The command time in the Unix operating system is used to determine the duration of execution of a particular command. For example:
@cdl1:~> /usr/bin/time ls real 0m0.017s user 0m0.004s sys 0m0.004s
By calling time with the --verbose option, it also provides you with additional useful information about memory consumption, bytes dumped to or read from the filesystem or exchanged through sockets. For example:
@cdl1:~>/usr/bin/time --verbose ls -r <output of 'ls' command> Command being timed: "ls -r" User time (seconds): 0.01 System time (seconds): 0.01 Percent of CPU this job got: 61% Elapsed (wall clock) time (h:mm:ss or m:ss): 0:00.01 Average shared text size (kbytes): 0 Average unshared data size (kbytes): 0 Average stack size (kbytes): 0 Average total size (kbytes): 0 Maximum resident set size (kbytes): 4912 Average resident set size (kbytes): 0 Major (requiring I/O) page faults: 0 Minor (reclaiming a frame) page faults: 375 Voluntary context switches: 1 Involuntary context switches: 1150 Swaps: 0 File system inputs: 0 File system outputs: 0 Socket messages sent: 0 Socket messages received: 0 Signals delivered: 0 Page size (bytes): 4096 Exit status: 0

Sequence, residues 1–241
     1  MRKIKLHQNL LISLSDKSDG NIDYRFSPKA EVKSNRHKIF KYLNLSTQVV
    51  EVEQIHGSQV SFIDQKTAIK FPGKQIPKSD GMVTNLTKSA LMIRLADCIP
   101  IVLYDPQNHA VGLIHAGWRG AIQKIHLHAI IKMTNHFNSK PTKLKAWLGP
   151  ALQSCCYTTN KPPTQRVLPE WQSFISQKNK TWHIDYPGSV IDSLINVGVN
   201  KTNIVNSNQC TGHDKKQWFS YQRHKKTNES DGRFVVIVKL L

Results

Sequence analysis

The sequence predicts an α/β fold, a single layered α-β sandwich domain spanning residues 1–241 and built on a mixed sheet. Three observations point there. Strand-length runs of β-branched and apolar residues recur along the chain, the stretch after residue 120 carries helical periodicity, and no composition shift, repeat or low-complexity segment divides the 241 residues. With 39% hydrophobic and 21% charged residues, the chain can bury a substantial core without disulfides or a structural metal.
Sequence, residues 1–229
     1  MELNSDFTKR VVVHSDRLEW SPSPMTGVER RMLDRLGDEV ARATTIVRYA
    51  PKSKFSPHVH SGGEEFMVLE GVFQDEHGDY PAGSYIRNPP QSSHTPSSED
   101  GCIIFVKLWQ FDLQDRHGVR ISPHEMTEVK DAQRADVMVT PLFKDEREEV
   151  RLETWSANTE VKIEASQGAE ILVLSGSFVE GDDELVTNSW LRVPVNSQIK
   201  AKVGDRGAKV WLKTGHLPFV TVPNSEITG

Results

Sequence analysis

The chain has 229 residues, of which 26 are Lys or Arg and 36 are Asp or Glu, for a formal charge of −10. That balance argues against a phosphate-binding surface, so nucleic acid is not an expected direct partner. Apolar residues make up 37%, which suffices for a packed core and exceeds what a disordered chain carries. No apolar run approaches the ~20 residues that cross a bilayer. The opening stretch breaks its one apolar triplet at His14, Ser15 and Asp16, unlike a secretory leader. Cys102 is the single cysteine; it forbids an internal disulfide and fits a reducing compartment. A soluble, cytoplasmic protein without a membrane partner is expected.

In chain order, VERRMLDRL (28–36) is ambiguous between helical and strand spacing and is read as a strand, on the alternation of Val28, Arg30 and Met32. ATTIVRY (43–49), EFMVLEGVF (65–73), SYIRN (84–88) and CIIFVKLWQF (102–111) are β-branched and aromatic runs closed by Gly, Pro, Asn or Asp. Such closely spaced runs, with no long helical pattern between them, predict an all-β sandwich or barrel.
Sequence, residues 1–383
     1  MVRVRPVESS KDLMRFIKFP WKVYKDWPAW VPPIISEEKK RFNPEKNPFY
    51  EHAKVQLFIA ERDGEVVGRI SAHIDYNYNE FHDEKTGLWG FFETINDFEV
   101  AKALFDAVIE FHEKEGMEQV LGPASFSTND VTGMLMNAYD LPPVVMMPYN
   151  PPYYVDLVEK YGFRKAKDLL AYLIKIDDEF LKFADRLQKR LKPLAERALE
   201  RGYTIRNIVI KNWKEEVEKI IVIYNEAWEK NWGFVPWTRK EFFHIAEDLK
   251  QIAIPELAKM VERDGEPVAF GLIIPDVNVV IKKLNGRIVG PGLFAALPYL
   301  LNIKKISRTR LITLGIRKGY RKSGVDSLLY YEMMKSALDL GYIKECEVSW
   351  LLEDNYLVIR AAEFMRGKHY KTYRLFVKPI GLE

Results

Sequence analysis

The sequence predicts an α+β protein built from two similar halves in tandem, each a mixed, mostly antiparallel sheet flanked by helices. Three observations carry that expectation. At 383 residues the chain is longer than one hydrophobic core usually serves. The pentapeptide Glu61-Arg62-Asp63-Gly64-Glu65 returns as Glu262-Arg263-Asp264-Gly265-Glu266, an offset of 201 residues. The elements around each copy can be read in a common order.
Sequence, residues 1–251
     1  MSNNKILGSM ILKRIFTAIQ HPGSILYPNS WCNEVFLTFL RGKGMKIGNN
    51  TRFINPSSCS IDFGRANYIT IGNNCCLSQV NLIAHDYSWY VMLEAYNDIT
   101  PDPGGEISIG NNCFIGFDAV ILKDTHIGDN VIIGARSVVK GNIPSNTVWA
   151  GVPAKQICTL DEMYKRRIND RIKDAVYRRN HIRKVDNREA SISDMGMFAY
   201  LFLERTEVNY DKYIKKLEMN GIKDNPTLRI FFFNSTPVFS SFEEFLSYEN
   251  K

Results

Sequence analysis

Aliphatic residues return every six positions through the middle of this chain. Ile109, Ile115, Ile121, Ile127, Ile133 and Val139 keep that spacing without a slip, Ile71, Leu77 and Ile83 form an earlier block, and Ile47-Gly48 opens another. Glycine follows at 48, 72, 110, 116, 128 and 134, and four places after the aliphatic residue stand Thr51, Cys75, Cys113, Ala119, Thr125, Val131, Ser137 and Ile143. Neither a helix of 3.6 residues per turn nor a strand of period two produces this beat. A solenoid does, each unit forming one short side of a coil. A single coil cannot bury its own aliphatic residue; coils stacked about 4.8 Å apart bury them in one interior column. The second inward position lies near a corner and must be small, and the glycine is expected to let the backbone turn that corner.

You may want to apply this command on a job running in parallel on shaheen. As time outputs on the standard error stream, you just to tell srun to create as many error files as tasks running in order to differentiate the timing observed on each task. For example:
srun --error=job.%t.err -n 4 /usr/bin/time --verbose my_program
will produce 4 error files (job.0.err, job.1.err, job.2.err, and job.3.err), each containing the output of the time command related to each one of the 4 parallel tasks.